Phil is convinced that the future of GIS is fairly secure. "There is a growing demand to see spatial data and eventually this kind of information will become accessible to anyone on the Internet. The first step however, is to have the GIS placed into various customer care or information centres. I foresee that this will happen in the next five to ten years, perhaps even sooner. The days where you have to climb into your car, make an appointment with an official and then organise a copy of the relevant information will soon become a thing of the past. The only stumbling block to this vision is the shortage of staff because we definitely have the technology," Farrant says with conviction.

Besides serving on the GIS steering committee, most of Phil's business dealings are done internally. "The nice thing about GIS and any other sort of spatial representation is that it underlines every single activity in the municipality. There is very little data within the municipal environment that cannot be displayed spatially. Even staff in the health and social services has a need for GIS. The biggest bonus is that AllyCAD supports it as a feeder."

Contract workers are used to update data onto the GIS system. "We get the cadastral data from the survey department and use aerial photographs every five years to trace site plans. In addition, the financial information, which is downloaded from the mainframe computer, comes from the treasury department. Information is also downloaded from the valuations database, the Deeds Office and the Building Control department which, when integrated into the GIS, gives us very useful strategic information for planning.

"In addition, spatial and attribute information is also retrieved from the sewerage, electrical and water services departments. We rely quite heavily on a comprehensive roads centreline database for accident statistics, pavement management systems, nodes etc. The GIS system is ideal for storing this type of information."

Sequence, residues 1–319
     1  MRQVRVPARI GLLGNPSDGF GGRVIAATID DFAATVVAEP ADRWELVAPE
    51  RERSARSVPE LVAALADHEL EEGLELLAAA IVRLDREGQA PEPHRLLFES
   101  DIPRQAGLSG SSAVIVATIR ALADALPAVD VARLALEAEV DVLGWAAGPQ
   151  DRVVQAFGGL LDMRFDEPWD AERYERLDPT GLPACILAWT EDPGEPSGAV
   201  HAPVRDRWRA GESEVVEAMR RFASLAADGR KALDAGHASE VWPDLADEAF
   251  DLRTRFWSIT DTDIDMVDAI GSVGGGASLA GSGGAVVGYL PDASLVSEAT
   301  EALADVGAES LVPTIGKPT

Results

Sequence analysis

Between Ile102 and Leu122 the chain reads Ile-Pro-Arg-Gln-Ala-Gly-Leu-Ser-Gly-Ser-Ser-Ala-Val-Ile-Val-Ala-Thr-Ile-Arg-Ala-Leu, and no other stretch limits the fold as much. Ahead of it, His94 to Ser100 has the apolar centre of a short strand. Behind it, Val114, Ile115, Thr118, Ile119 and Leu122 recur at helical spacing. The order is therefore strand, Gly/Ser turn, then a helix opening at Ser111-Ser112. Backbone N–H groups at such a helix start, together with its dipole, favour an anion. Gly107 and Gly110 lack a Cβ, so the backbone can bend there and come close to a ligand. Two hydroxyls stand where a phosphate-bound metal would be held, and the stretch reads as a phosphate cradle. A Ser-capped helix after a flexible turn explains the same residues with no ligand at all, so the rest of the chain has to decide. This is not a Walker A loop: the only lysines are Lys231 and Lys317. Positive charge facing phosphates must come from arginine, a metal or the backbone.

The scope of Buffalo City Municipality is fairly extensive. "The municipality serves about 1 000 000 clients and has a size of 2, 500 square kilometres. It is therefore impossible to serve the entire area without an adequate GIS system, but we are coping fairly well at the moment. When Buffalo City Municipality won a Special Achievements in GIS award at the 2004 annual ESRI user conference, I knew that this was only the beginning of many amazing achievements still to come." It is clear that with Phil's unwavering determination, there is very little that will stand in his path to success.

image Phil Farrant worked for the City of East London 30 years ago when he started out as a humble draftsman. "In 1985 we bought our first technical computer, the HP9817. It had Cecile CAD (the forerunner of AllyCAD), Roads and Sewer design programs on it. This is where the computer bug first hit me." Phil studied his National IT Certificate through Technikon South Africa and then became heavily involved in Roads design, GIS and CAD. He is the GIS Manager for Buffalo City Municipality and has successfully integrated AllyCAD as a feeder into their GIS System.